St. Hippolytus composed a beautiful Eucharistic prayer at the beginning of the third century. The second Eucharistic prayer of the Missal of Pope Paul VI, which we use now, is based on it. In a commentary on Daniel 4:35 St. Hippolytus refers to the outlawing of the Church’s sacrifice by the Antichrist at the end of time. Like many other Fathers who teach on the Sacrifice of the Mass, he too uses the language of the prophecy of Malachy.
“For when the gospel is preached in every place, the times being then accomplished . . . the abomination of desolation will be manifested, and when he (the Antichrist) comes, the sacrifice and oblation will be removed, which are now offered up to God in every place by the gentiles” (Commentary on Daniel 22; A.D. 220).
St. Cyprian of Carthage
Later in the same century, this martyr bishop of Carthage, in the midst of the ferocious persecution of Christians by the Romans, clearly explains the Lord’s Eucharistic Sacrifice as being “according to the order of Melchisedek.”
“In the priest Melchisedek we see prefigured the sacrament of the sacrifice of the Lord, according to what Divine Scripture testifies, and says, ‘And Melchisedek, king of Salem, brought forth bread and wine.’ Now he was a priest of the most High God, and blessed Abraham. And that Melchisedek was a type of Christ, the Holy Spirit declares in the Psalms, saying from the person of the Father to the Son: ‘Before the morning star I have begotten Thee; Thou art a priest forever, after the order of Melchisedek.’ This order is assuredly the one coming from that sacrifice: that Melchisedek was a priest of the Most High God; that he offered wine and bread; that he blessed Abraham. For who is more a priest of the most high God than Our Lord Jesus Christ, Who offered a sacrifice to God the Father, and offered the very same thing which Melchisedek had offered, that is, bread and wine, to wit, His Body and Blood? . . . For if Jesus Christ Our Lord and God is Himself the chief priest of God the Father, and has first offered Himself a sacrifice to the Father, and has commanded that this be done in commemoration of Himself, certainly the priest truly discharges the office of Christ, who imitates what Christ did; and he offers a true and full sacrifice in the Church to God the Father, when he proceeds to offer it according to what he sees Christ Himself to have offered” (Letter 62: 4,14; A.D. 253).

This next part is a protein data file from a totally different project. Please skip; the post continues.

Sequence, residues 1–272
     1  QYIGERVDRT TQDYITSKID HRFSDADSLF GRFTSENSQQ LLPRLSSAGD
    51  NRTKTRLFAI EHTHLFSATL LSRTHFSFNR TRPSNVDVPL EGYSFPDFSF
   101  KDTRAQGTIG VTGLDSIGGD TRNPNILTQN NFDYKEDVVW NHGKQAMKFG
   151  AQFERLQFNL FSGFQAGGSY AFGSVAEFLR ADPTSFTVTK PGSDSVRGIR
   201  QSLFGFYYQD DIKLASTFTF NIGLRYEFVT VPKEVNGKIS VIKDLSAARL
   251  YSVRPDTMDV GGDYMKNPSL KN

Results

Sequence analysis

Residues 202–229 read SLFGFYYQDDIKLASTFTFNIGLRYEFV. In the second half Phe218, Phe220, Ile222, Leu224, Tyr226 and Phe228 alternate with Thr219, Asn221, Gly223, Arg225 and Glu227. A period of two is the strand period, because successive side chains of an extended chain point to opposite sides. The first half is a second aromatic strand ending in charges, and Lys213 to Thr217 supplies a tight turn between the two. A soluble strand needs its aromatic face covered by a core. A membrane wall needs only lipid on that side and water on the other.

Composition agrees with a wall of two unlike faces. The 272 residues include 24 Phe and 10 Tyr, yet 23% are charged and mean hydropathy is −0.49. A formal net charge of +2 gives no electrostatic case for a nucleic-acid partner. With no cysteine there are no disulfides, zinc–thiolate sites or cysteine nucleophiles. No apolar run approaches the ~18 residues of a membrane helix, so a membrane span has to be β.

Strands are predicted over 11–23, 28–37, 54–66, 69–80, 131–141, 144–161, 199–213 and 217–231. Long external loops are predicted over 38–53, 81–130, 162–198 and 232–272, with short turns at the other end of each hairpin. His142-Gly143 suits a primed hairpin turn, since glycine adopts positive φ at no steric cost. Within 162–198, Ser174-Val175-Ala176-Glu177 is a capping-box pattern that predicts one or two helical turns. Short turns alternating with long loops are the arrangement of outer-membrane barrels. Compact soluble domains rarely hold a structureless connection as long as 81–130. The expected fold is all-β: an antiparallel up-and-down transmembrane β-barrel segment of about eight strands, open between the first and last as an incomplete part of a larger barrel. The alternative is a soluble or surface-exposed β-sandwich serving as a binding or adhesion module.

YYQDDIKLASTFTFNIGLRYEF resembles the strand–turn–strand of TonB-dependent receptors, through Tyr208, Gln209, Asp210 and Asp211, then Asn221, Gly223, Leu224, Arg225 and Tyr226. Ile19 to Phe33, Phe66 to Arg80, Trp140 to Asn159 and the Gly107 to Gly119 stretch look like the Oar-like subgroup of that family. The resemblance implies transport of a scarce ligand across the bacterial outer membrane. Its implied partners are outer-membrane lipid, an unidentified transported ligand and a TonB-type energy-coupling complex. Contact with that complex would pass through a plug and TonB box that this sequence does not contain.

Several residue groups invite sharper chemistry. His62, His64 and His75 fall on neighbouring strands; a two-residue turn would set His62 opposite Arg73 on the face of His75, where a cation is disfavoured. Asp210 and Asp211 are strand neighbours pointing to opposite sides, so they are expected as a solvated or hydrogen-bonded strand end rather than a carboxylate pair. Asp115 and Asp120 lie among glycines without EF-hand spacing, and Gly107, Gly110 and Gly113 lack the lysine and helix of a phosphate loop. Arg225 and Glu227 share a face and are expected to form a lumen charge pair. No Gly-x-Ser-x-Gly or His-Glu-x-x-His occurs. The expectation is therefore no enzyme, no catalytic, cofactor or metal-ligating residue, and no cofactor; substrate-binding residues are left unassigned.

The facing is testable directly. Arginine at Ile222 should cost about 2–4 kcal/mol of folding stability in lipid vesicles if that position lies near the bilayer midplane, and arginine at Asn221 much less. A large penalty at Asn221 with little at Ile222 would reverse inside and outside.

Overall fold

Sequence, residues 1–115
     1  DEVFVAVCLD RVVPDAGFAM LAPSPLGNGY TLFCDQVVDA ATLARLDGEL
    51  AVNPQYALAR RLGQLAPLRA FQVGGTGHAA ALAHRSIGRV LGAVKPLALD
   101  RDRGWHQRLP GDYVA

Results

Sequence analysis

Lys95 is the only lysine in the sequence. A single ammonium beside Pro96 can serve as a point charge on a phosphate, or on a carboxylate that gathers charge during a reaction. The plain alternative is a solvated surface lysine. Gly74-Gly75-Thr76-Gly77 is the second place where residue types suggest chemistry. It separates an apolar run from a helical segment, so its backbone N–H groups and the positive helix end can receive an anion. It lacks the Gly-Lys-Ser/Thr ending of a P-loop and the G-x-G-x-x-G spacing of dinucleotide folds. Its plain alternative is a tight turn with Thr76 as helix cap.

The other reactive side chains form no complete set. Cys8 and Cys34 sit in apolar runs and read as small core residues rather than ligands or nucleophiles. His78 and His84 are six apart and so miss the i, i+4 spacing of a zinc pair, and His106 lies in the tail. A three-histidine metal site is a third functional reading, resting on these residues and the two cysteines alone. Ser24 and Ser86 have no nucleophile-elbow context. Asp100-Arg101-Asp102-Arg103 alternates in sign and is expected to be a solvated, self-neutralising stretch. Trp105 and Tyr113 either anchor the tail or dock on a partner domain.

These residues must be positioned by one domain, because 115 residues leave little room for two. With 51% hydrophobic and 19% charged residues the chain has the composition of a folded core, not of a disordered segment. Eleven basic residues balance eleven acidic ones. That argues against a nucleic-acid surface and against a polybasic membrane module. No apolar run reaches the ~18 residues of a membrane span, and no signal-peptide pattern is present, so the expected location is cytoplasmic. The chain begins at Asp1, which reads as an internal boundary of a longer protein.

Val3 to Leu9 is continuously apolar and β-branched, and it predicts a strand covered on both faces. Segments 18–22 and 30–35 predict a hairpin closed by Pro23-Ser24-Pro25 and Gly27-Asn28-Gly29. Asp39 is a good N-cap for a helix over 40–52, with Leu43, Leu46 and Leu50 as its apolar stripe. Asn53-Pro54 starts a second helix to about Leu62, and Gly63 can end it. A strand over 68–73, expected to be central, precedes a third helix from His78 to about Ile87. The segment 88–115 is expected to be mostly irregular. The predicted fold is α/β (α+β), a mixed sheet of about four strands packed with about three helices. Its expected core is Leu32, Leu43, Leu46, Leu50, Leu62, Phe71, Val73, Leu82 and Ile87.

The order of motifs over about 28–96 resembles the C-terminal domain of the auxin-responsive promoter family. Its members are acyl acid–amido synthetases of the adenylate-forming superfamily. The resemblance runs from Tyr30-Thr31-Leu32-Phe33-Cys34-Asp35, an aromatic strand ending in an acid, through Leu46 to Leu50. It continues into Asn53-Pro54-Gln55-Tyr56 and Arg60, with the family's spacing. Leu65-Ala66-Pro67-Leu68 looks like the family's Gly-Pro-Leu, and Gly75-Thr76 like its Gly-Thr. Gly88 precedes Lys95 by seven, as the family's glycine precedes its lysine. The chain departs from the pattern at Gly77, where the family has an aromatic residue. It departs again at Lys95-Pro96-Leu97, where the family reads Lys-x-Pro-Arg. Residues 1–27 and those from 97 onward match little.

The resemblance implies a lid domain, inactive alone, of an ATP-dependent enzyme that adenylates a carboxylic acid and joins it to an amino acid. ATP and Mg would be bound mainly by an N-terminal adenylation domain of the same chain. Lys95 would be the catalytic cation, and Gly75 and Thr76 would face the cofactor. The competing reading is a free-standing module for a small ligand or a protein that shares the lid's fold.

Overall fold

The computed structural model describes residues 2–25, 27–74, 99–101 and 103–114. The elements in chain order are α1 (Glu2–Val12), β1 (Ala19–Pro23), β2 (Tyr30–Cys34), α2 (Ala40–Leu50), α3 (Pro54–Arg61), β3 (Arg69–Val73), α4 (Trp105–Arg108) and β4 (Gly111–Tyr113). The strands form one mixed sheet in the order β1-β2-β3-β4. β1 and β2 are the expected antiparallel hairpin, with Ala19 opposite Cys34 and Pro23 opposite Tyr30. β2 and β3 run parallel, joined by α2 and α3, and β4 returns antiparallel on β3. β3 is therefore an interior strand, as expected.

St. Serapion of Thmuis
This great bishop of Lower Egypt (that means Northern Egypt Ñ the Nile is lower near the sea) was a good friend of St. Athanasius, the defender of the Divinity of Christ against the Arian heretics. He offers us the earliest text we have of a Eucharistic prayer which was actually used in the Divine Liturgy of the Eucharist.
“Heaven is full, and the earth as well is full of your magnificent glory, O Lord of Hosts. Fill too this sacrifice with Your power and communion, for we offer You this living sacrifice and unbloody offering . . . Thus we offer bread, celebrating the likeness of His death and we implore You, O God of Truth, to reconcile us to all and have mercy on us through this sacrifice . . . and we offer wine using the likeness of blood. May Your holy Word come upon this bread, O God of Truth, that it might become the Body of the Word, and upon this chalice that it might become the Blood of the Truth” (The Anaphora of Serapion 4; A.D. 339 [original translation]).